Hall Of Fame: Looking back on Two Door Cinema Club’s ‘Tourist History’

Looking back on Two Door Cinema Club’s ‘Tourist History’

Earwormy choruses? Check. Glitchy guitars? Check? A debut album that reaches the highest of euphoric heights throughout its ten tracks? Well, that’s gotta be ‘Tourist History’.

For the best part of the last decade, Two Door Cinema Club have found themselves masters of the dizzying indie pop hook. Beginning their journey as a trio of fresh-faced Northern Irish teenagers with just their ‘Four Words To Stand On’ EP, it was with their gorgeously giddy debut that saw the band really make their mark.

Released through label-du-jour Kitsuné and titled ‘Tourist History’, their first full-length saw the band inspired by both the past and present. Named for their hometown of Bangor’s popularity with visitors back in the 1970s, as well as their continued time on the road ahead of the release, the record gave the three-piece – Alex Trimble, Kevin Baird and Sam Halliday - a chance to chuck their collective musical inspirations into the melding pot and come out with something altogether brighter and bolder. And that they certainly did.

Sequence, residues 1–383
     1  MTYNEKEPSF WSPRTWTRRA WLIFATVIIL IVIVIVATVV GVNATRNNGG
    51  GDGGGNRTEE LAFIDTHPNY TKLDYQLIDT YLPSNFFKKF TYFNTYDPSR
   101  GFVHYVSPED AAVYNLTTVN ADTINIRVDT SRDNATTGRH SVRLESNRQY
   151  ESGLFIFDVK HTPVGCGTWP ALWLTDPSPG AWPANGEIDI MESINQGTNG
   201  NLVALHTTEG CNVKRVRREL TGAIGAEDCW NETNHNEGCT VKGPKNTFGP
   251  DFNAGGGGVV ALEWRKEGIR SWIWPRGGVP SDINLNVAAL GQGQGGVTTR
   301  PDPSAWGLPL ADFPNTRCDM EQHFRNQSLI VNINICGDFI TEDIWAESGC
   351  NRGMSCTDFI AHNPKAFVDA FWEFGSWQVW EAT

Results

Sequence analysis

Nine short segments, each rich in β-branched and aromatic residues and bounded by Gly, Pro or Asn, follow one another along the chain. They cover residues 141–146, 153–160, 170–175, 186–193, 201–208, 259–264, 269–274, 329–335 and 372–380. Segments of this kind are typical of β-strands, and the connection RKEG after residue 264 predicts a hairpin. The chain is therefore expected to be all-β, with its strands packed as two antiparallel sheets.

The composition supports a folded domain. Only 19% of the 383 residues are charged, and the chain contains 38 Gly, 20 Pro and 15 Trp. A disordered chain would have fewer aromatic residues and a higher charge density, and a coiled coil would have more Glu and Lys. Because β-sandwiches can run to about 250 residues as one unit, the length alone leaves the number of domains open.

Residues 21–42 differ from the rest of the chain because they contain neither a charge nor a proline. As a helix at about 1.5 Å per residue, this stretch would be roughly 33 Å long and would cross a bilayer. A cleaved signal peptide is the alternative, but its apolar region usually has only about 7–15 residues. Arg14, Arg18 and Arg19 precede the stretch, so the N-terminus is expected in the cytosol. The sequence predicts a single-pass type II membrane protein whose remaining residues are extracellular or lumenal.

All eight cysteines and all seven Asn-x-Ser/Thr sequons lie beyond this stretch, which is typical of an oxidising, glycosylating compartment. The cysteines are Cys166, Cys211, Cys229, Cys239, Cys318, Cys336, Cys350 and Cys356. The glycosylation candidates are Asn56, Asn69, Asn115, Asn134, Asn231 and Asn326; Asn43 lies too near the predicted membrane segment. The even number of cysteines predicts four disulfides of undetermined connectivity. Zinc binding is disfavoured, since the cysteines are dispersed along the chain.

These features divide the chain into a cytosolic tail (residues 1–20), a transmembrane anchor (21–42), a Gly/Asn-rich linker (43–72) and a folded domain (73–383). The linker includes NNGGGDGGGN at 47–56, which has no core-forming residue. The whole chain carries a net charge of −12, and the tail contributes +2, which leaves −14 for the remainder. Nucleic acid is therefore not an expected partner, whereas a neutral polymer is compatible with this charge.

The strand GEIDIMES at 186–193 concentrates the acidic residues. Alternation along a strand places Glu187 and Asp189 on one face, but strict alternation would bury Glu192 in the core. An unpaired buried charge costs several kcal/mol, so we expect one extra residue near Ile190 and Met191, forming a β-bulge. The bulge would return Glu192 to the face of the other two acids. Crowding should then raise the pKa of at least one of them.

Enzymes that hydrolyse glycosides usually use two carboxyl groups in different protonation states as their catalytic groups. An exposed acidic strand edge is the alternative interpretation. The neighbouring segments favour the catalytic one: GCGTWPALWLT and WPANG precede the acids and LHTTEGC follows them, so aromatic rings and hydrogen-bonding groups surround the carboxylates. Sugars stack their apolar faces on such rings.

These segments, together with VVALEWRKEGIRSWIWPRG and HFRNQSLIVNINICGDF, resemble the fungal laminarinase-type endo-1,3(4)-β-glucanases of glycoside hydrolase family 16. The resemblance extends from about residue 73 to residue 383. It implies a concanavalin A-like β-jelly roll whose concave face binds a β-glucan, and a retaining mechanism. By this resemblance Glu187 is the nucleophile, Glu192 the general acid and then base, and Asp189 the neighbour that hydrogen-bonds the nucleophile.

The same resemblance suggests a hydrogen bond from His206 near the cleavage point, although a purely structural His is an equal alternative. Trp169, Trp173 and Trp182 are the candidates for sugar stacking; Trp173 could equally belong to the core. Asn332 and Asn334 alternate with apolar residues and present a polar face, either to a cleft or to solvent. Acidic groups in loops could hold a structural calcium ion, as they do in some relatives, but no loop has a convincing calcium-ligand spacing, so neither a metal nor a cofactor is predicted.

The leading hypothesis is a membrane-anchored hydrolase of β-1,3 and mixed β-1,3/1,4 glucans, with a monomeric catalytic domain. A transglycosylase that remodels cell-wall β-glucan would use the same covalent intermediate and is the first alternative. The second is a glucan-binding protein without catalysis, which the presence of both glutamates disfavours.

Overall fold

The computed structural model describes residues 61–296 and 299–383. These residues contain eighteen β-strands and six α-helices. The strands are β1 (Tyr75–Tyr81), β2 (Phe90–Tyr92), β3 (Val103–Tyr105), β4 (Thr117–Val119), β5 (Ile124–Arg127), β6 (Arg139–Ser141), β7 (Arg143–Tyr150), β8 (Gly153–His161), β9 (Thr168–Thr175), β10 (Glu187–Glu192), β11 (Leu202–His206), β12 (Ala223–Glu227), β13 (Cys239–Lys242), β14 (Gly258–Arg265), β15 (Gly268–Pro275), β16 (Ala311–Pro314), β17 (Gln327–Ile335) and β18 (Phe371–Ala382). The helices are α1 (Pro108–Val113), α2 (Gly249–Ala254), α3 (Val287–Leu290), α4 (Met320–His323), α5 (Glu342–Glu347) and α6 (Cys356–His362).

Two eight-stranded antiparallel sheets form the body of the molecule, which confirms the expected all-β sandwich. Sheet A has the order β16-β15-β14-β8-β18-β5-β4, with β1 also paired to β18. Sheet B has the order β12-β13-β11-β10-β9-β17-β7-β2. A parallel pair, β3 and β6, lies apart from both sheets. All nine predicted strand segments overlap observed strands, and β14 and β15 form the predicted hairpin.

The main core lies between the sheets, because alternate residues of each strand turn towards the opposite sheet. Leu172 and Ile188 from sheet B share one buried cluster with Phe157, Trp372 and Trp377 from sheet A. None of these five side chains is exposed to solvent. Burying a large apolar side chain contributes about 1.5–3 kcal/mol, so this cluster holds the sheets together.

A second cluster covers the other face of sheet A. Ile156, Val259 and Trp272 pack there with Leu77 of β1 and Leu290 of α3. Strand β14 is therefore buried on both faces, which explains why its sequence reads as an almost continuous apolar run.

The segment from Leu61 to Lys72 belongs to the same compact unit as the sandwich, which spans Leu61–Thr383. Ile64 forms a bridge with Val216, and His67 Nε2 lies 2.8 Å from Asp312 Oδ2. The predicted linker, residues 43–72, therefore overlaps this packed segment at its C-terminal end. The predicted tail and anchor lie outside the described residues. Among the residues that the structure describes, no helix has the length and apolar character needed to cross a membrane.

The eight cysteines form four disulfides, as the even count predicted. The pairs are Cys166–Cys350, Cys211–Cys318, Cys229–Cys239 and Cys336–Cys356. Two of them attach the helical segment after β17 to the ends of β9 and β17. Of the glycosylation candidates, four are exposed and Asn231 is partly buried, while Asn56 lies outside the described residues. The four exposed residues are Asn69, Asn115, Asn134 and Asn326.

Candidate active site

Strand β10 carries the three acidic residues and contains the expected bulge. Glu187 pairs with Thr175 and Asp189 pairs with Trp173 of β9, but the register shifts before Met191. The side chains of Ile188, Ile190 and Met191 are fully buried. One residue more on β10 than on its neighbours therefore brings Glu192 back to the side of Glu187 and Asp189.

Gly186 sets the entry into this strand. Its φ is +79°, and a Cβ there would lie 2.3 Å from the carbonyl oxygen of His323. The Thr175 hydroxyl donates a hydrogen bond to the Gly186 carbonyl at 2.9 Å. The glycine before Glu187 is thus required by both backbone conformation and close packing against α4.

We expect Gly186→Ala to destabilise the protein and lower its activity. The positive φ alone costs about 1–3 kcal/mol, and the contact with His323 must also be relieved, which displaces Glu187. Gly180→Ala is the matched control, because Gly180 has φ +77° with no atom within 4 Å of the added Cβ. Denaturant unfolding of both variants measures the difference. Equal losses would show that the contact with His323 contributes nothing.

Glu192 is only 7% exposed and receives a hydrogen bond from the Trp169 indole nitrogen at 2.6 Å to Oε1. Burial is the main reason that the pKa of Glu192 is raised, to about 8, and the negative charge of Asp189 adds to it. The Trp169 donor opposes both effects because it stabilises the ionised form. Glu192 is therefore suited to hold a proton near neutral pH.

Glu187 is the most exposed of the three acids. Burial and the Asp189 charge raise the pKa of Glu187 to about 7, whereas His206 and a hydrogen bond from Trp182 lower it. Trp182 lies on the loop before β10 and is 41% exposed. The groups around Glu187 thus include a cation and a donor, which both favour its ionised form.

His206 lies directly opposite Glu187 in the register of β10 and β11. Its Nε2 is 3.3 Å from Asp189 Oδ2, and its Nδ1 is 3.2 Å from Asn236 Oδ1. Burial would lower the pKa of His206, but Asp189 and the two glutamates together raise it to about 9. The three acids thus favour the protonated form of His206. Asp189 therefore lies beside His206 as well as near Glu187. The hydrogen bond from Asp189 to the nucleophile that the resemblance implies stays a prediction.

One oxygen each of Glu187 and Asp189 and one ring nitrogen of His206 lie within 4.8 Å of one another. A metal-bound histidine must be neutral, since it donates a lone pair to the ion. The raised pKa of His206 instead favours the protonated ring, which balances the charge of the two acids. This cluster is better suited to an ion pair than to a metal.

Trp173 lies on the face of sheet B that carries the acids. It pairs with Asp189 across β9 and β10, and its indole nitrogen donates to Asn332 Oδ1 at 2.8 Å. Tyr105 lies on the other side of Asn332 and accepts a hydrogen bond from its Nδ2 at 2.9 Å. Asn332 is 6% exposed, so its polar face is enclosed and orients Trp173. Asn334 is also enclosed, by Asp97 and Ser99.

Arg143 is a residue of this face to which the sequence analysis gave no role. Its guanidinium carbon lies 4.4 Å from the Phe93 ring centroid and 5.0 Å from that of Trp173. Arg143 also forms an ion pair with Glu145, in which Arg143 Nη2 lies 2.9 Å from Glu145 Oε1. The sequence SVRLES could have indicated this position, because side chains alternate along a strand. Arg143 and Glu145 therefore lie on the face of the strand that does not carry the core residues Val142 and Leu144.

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While opener ‘Cigarettes in the Theatre’ kicks proceedings off in a suitably sparkling fashion, all glitchy guitars and addictive rhythms, it’s the likes of ‘Uncover Martyn’ and ‘Something Good Can Work’ – which sound just as euphoric and humongous even eight years on – that are the beating heart here. Unafraid of earwormy choruses and excitable melodies, it’s with ‘Tourist History’ that they managed to embody that rush of pulling a friend up onto your shoulders in the middle of a festival crowd, or the carefree joy of teenage roadtrips and late summer evenings.

Unsurprisingly, then, their debut would go on to provide an entire generation with a soundtrack for just that. Awarded the Choice Music Prize in 2010 and certified platinum just three years later, it would also become the springboard for a mammoth touring run, huge festival slots the world over and a career which has seen Two Door Cinema Club become those very indie pop masters. Not too shabby for three boys from Bangor.

Taken from the May issue of DIY. Read online or subscribe below.

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